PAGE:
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The Stratton Story

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Today in White Sox History: November 27

Highs and lows on the trading wire

The tragic accident that would eventually fuel a Hollywood feature starring Jimmy Stewart occurred on this day, 85 years ago.
| Hulton Archive/Getty Images


White Sox pitcher Monty Stratton, an American League All-Star in 1937 and one of the best young players in the game, accidentally shot himself in the leg while hunting, when his .22 caliber pistol discharged as he was replacing it in his holster; he had failed to engage the safety. Unable to get help, Stratton crawled a half-mile to a road leading into Greenville, Texas. The bullet pierced a femoral artery, which stopped circulation to the limb, necessitating amputation. His five-year career ended. He eventually came back to play in a few minor league games using a wooden leg.

In 1948 Hollywood made The Stratton Story, starring Jimmy Stewart, June Allyson and Stratton’s manager with the White Sox, Jimmy Dykes.

Radford News-Journal


Another one of Frank Lane’s great deals was struck when the GM sent catcher Gus Niarhos, pitcher Dick Littlefield, first baseman Gordon Goldsberry, shortstop Joe DeMaestri and outfield Jim Rivera to the St. Louis Browns for pitcher Al Widmar, infielder Tom Upton (flipped to Washington for Sam Dente later in the day) and the main prize, catcher Sherm Lollar. Lollar would become a three-time All-Star and a three-time Gold Glove-winner. He was considered the second-best catcher in the league throughout the 1950s, behind New York’s Yogi Berra.

Rivera was a favorite of Browns manager Rogers Hornsby (the legend was quoted as saying “he’s the only player in all baseball today that I’d buy a $2 box seat to watch play”), but Jungle Jim was reacquired by the White Sox the next July. Widmar would pitch just one game with the White Sox, the last of his career, but Lollar and Rivera would remain with the club through the early 1960s.


In a bizarre coincidence, both Minnie Miñoso and Joe Cunningham were at the same sports banquet in Joliet when word came that the White Sox and Cardinals had made a trade — and the deal was Miñoso for Cunningham!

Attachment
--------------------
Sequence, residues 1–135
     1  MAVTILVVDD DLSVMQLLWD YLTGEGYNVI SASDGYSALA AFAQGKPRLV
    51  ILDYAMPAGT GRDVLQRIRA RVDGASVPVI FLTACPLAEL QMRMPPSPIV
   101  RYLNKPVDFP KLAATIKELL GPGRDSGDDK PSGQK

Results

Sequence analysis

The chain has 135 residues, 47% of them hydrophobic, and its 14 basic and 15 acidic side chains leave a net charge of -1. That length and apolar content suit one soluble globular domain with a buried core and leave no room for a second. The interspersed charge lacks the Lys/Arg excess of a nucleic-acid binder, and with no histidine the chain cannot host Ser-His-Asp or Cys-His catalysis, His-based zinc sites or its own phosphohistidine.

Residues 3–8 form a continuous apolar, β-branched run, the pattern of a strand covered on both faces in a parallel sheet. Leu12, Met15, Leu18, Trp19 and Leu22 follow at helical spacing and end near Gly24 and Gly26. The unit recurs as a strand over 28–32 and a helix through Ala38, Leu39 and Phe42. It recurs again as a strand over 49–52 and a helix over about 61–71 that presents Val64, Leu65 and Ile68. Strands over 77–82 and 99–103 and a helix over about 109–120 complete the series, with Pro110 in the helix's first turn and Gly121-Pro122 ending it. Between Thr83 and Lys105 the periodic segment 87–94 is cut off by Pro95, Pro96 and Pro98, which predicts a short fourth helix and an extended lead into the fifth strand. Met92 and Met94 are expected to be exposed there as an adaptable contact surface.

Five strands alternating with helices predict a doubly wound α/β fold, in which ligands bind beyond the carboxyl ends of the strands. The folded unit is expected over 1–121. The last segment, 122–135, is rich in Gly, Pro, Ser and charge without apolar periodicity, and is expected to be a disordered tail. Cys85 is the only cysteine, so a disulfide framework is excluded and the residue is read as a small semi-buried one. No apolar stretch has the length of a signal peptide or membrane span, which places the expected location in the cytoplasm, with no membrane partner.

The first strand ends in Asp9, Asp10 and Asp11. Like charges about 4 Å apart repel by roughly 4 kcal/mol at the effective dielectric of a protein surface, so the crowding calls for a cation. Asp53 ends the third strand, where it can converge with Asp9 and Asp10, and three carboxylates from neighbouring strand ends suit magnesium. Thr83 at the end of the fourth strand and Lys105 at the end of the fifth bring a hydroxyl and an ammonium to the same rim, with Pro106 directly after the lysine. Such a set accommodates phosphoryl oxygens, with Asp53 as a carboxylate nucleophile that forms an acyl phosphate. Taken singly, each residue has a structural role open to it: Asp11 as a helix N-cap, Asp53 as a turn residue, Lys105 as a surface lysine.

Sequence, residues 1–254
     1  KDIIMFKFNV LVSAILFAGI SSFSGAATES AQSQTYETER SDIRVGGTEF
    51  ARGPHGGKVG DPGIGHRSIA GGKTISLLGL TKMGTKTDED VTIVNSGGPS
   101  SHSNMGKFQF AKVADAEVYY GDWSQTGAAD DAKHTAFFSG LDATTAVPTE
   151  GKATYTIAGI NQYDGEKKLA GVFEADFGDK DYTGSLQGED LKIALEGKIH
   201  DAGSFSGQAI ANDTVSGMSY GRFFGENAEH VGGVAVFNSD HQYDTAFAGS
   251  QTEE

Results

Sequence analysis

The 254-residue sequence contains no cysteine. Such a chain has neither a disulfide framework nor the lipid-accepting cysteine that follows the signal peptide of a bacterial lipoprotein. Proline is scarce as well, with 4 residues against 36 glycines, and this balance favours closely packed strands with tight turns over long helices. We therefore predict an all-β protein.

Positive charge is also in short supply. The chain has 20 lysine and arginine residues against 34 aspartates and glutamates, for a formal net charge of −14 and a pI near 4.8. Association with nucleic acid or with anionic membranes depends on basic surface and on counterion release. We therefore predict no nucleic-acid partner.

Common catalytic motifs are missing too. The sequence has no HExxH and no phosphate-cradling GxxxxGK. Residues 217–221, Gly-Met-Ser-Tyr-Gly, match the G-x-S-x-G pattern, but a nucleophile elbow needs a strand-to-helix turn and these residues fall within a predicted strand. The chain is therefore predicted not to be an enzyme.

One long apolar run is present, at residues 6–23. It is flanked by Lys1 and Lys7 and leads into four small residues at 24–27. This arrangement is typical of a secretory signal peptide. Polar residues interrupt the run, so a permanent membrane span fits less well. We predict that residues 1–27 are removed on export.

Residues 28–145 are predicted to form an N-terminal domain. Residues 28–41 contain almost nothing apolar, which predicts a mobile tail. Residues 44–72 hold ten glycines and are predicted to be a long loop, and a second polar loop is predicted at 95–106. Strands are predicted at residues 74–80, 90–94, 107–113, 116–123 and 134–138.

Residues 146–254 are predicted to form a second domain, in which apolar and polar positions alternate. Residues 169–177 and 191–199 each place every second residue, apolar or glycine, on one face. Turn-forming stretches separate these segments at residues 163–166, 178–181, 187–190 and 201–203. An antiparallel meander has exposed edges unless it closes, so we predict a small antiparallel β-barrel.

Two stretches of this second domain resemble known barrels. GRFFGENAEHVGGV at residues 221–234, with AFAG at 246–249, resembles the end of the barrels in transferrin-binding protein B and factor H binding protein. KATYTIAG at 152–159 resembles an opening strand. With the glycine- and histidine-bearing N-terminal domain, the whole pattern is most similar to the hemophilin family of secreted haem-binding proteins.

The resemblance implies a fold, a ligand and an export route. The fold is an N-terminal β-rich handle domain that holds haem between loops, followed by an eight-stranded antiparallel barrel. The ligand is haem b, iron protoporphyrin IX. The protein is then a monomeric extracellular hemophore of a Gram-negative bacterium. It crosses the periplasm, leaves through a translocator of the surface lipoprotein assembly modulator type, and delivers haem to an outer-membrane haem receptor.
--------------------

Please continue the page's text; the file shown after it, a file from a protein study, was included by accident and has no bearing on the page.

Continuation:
Cunningham was among the finest fielding first baseman in franchise history, ranking right up there with Joe Kuhel and Tony Muser. In 1962, Joe reached base 268 times and led the Sox in walks, runs, sacrifice flies and bunts. He hit .295 and drove in 70 runs.

In July 1964, Cunningham was sent to the Senators as part of a deal bringing Bill “Moose” Skowron to the Sox.


It was a move criticized at the time, as White Sox GM Roland Hemond sent outfielder Chet Lemon to the Tigers for outfielder Steve Kemp.

The swap of All-Stars left Sox fans shaking their heads, because Kemp would become a free agent after the upcoming season. He’d eventually sign a big-money contract with the Yankees after knocking in 98 runs and hitting .286 for the Sox.

However, what wasn’t known at the time was that the Sox weren’t going to re-sign Lemon, either. Lemon had agreed on a contract extension with the White Sox, but refused to sign it after the Sox signed Carlton Fisk for more money than they had agreed to give Lemon. While Chet later admitted regret over the prideful move, he was a core piece of the brilliant, World Series-winning 1984 Tigers and spent a successful decade in Detroit.

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